While Amber Glenn successfully landed the triple Axel in the women’s free skate, there was another skater that landed a quadruple jump. Mia Kalin landed the first-ever clean quadruple jump performed in the senior women’s event at the U.S. Championships. The 15-year-old, who finished eighth overall, said she first started working on quads when she was 12.
“For me, I think it was just that my triple toe had a lot of room, so I thought, why not do a quad?” Kalin said in the mixed zone after her performance.
Last minute replacement
Brooke Gewalt was the first alternate for the women’s event at the U.S. Championships, after finishing fifth in the 2024 Midwestern Sectional Singles Final. She kept training hard throughout the holidays and January, which paid off when she got the call to compete at Nationals.
She replaced Ava Ziegler, who withdrew from Nationals to focus on competing at the Four Continents Championships, which started the week after the U.S. Championships.
Gewalt found out she’d be competing in Columbus on Wednesday, Jan. 17, just a week and a day before the women’s short programs took place on Thursday, Jan. 25.
“My coaches encouraged me to keep training and stuff, because I knew that I was first alternate, so I continued my training just as normal. So I felt prepared,” Gewalt said in the mixed zone after the short program. “It’s everyone’s dream to skate out on national ice. I’m very happy with myself and it’s a very good experience.”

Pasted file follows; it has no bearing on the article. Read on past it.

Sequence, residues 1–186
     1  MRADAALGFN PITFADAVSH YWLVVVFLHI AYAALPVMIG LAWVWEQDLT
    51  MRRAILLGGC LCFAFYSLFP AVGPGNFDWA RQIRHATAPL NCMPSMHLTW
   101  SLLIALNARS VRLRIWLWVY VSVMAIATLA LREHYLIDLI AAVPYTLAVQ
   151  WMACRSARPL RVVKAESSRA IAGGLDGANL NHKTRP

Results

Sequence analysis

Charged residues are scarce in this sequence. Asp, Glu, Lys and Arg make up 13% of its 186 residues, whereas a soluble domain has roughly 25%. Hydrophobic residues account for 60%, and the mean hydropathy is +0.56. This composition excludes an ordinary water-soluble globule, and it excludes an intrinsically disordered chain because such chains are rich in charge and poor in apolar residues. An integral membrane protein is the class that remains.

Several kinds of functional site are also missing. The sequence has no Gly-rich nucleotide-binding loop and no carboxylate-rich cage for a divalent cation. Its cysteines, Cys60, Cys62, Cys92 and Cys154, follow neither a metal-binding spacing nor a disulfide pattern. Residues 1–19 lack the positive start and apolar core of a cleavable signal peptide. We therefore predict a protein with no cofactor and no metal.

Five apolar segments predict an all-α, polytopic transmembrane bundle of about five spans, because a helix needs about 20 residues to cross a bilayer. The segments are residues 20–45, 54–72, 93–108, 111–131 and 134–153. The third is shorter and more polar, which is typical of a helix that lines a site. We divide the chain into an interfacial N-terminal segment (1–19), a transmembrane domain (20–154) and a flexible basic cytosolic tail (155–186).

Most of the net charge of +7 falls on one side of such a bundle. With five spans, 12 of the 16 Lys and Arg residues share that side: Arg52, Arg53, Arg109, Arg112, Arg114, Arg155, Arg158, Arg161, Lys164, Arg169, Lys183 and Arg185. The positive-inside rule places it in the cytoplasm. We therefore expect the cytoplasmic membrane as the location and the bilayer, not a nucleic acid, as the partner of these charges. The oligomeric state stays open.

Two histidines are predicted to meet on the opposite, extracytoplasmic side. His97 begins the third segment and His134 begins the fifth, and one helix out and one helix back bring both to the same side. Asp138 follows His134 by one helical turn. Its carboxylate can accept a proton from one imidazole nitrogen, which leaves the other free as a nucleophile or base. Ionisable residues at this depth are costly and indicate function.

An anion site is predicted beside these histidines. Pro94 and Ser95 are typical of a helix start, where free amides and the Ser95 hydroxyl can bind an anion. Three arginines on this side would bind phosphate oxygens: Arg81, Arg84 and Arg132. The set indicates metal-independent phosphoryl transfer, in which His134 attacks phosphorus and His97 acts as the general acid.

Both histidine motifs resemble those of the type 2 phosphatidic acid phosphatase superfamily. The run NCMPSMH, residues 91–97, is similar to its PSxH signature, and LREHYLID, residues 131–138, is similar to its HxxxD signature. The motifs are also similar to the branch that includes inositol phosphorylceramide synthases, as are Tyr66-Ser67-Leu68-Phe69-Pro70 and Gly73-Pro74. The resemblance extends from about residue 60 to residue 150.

Thinking back to when she got the call, Gewalt shared: “I was so excited, it didn’t feel real. And I was so glad that I kept working so hard, like, it’s gonna pay off.”
Returning to the U.S. Championships
Daniel Samohin returned to the U.S. Championships for the first time since 2013, when he finished fourth at the novice level. He competed internationally for Israel from 2013 to 2021, but hasn’t been back on competitive ice in two years, since the 2021 Golden Spin of Zagreb in December 2021.
Samohin is awaiting his release from the Israeli federation and hopes to compete internationally for the U.S. next season. He finished 12th in the men’s event in Columbus.
“It’s a great comeback for me, and it’s only going to go up from here, for sure,” the 2016 World Junior Champion said in the mixed zone after the free skate. “Hopefully, once I get my release, I’ll be able to go to internationals, maybe just some smaller ones, we’ll see. That’s my goal, is to really be ready for [next season]. Whether I get senior Bs or anything else, whatever the U.S. can give me, I’ll do it.”
Shoulder dislocations were often a problem for Samohin, and he said that his doctors say his shoulder bone is just a bit smaller and more prone to dislocate. He said he’s able to keep his shoulders stable with daily physical therapy.